Business

Fishing industry players push for protection of tuna species

Friday, March 1st, 2024 07:29 | By
Tuna is a fish with higher value than any other fish, therefore they are liked locally and internationally with 80 per cent of consumption in Japan. PHOTO/Print
Tuna is a fish with higher value than any other fish, therefore they are liked locally and internationally with 80 per cent of consumption in Japan. PHOTO/Print

Players in the fisheries sector are calling for effective management of the multi-million-shilling tuna and tuna-like resources in the Indian Ocean as the fish resource continues to attract huge demand in the market.

A section of the players at the national Tuna Fishery Management conference convened by World Wildlife Fund (WWF) in Mombasa reiterated the need for tuna fish protection amid transboundary fishing crisis that robs Kenya billions in foreign exchange.


According to a Kenya Marine and Fisheries Research Institute (KMFRI) report, Kenya lands between 150,000 to 300,000 tonnes of fish worth between Sh45 billion annually. Asma Awadh, WWF Coastal Kenya Programmes Manager said tuna fish in the Indian Ocean play a major role in providing a livelihood for the coastal communities who rely on the resources for food and employment opportunities.


“It’s important that Kenya and other countries come together in the management of the tuna fish,” she said. The Fund has embarked on key interventions targeting to promote sustainable fishing to avert extinction of the species.


“At government level we are working with Kenya Coast guard in managing illegal and unregulated fishing, to ensure there is less of that, we are working to ensure that all the tuna is not overfished,” said Awadh.


She added: “Tuna is a fish with higher value than any other fish, therefore they are liked locally and internationally, 80 per cent of Tuna consumption is in Japan. In collaboration with all coastal counties we have taken it upon ourselves to promote this sector,” said Awadh. According to South West Indian Ocean tuna forum coordinator Doreen Simiyu, sustainable and management of the fish will ensure species remain sustainable and away from the threats of extinction.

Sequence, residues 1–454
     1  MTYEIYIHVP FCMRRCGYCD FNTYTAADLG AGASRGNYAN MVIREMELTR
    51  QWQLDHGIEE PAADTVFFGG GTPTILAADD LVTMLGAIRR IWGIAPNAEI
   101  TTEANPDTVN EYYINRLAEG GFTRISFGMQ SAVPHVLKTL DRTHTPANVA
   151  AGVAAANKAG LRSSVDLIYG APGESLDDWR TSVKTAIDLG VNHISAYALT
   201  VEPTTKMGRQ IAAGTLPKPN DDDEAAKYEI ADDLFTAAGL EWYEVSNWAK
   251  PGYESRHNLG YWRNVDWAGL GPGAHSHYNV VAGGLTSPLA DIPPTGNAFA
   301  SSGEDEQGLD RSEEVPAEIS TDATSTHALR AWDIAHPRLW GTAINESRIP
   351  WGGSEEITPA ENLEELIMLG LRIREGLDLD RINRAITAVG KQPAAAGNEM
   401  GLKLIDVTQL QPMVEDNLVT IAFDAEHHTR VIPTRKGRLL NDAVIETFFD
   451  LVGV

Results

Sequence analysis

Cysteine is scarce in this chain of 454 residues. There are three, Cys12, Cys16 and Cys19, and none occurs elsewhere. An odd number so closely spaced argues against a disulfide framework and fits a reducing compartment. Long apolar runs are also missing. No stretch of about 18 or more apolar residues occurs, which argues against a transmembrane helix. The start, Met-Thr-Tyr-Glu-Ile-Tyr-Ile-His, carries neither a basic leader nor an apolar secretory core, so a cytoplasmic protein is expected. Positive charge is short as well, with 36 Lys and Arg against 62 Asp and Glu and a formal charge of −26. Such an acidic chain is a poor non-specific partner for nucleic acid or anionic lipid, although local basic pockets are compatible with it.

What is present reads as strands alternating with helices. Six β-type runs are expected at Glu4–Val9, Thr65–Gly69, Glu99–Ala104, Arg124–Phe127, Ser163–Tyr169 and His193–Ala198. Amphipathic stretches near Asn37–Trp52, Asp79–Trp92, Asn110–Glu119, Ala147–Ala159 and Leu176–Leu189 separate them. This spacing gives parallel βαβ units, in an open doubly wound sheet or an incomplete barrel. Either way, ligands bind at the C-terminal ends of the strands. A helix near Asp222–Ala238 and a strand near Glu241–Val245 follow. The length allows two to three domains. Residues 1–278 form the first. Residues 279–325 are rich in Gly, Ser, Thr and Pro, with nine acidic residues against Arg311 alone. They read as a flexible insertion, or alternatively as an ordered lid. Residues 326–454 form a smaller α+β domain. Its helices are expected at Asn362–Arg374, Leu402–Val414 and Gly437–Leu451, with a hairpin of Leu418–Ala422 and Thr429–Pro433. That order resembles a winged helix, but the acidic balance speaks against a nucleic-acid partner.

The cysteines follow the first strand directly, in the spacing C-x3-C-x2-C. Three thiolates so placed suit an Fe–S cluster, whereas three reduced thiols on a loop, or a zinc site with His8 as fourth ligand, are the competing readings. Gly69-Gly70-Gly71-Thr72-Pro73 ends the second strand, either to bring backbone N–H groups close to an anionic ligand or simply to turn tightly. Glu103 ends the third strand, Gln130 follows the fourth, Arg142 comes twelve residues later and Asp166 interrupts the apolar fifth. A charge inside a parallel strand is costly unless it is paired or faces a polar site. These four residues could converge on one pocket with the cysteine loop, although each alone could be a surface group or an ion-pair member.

“As we are aware tuna is the most expensive fish in the world, but the problem is how can we harness the potential, how we can make our fishermen the biggest beneficiaries,” she said.


Biological limit


She added: “From studies, one of the tuna fish is in the red because it’s being overfished, we are pushing for countries to put mechanisms in place to ensure it is not harvested beyond its biological limit, we need to report these illegalities”.


Coast County executive committee members (CECM) caucus chairman Faiz Abushiri said Kenya’s tuna potential remains huge and untapped and now risks depletion due to what they termed overfishing and unregulated fishing in the Indian Ocean.

“We have put monitoring control and surveillance to ensure sustainable fishing by using legal fishing gears, by now 90 per cent of fishermen have been sensitised on sustainable fishing but the threat still remains from foreign trawlers invading our coastline,” he said.


Abushiri who is also the Lamu County CECM for Fisheries, Blue Economy, Livestock and Cooperative Development challenged the government through Kenya Fish Marketing Authority to identify tuna fish markets in Italy where the fish market is huge.


“We challenge the Kenya Fish Marketing Authority to identify a number of fishermen who can be registered and allowed to export fish to Italy and Japan where we have giant tuna markets,” he said.
Mombasa and Lamu counties have embarked on promoting artisanal fishing by buying fishing gear as well as building fish landing sites.


“As we are talking about infrastructure, we can improve on cold storage, fish processing plants give out boats so that we can venture fully into the tuna fish products and get international markets which are lucrative,” he said.

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